(Reuters) – Former Research In Motion co-chief executive Jim Balsillie sought to reinvent the BlackBerry smartphone maker with a radical shift in strategy before he stepped down, two sources with knowledge of his plans said.
Balsillie hoped to allow major wireless companies in North America and Europe to provide service for non-BlackBerry devices routed through RIM‘s proprietary network, a major break with the BlackBerry-only strategy pursued by RIM since its inception.
The plan would have let the carriers use the RIM network to offer inexpensive data plans, limited to social media and instant messaging, to entice low-tier customers to upgrade from no-frills phones to smartphones.
But the talks with carriers led to discord at the highest levels of the troubled Canadian company, and Balsillie resigned as a director soon after he stepped down as co-CEO. His former partner at the helm, Mike Lazaridis, still has an active role.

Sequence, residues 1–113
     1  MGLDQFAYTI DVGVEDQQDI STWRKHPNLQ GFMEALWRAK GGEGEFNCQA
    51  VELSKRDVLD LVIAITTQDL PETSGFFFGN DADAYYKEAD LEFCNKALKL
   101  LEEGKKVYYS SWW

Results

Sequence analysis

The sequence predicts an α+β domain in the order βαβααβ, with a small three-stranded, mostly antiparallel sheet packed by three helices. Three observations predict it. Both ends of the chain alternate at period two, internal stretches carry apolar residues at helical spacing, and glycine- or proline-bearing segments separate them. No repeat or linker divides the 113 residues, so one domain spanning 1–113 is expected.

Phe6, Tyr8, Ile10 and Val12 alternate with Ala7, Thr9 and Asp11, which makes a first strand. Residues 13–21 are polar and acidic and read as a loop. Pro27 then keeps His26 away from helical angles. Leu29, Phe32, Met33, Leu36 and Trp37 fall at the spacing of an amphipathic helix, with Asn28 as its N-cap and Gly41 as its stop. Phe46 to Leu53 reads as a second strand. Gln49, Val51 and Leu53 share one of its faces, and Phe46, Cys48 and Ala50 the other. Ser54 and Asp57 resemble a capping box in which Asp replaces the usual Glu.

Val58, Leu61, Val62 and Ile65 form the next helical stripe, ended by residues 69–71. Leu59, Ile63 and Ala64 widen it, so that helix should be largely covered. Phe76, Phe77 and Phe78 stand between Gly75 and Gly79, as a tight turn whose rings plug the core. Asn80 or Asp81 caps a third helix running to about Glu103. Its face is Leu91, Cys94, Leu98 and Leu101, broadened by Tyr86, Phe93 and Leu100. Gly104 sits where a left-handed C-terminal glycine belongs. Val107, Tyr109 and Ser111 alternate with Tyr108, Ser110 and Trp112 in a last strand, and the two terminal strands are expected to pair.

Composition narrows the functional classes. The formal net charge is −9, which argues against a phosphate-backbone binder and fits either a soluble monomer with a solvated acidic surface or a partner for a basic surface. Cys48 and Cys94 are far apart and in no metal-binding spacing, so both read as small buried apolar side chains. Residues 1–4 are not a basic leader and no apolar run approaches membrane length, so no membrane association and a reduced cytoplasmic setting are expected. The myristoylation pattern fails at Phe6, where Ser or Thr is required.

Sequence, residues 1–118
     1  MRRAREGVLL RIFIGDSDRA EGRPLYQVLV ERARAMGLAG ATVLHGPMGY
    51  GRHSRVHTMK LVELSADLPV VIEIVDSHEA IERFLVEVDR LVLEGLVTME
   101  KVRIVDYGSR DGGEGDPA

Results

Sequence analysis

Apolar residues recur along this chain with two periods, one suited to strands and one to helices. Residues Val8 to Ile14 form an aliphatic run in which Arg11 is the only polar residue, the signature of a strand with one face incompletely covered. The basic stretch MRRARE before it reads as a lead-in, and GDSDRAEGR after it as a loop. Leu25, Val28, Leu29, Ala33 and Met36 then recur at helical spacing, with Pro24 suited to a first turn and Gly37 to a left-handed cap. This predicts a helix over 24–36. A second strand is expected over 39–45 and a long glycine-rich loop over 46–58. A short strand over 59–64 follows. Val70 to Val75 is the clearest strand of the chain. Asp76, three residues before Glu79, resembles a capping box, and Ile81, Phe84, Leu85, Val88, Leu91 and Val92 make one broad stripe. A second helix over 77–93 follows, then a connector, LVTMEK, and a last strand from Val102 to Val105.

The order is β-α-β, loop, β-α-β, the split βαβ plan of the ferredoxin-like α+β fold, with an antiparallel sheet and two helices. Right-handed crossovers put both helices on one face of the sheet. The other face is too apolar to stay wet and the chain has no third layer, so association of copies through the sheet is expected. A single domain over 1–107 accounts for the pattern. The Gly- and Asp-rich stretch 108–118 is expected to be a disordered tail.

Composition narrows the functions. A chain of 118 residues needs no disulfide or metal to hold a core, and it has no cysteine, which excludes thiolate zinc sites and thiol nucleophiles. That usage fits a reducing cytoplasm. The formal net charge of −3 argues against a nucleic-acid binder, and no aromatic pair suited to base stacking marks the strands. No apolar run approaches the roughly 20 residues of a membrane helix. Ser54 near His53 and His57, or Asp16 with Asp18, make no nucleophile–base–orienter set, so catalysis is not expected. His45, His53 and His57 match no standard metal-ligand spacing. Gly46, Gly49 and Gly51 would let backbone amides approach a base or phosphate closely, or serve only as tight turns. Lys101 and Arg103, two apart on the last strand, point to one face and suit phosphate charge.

The veto leaves RIM’s focus squarely on a new generation of BlackBerry gadgets it promises will wow consumers. The devices will have to do just that, analysts say, to arrest the precipitous decline in market share suffered by RIM, the company that virtually invented mobile email more than a decade ago.
Balsillie’s plan may have heralded a broader strategic move by RIM to define its high-margin network services – which bring in around $1 billion a quarter – as a business that’s distinct from building and marketing the BlackBerry. That hardware business may have lost money last year.
Carriers may have seen value in the plan, which would have encouraged lower-value talk-and-text customers to upgrade to entry-level smartphone plans, with access limited to Twitter, Facebook, messaging and other social media platforms.
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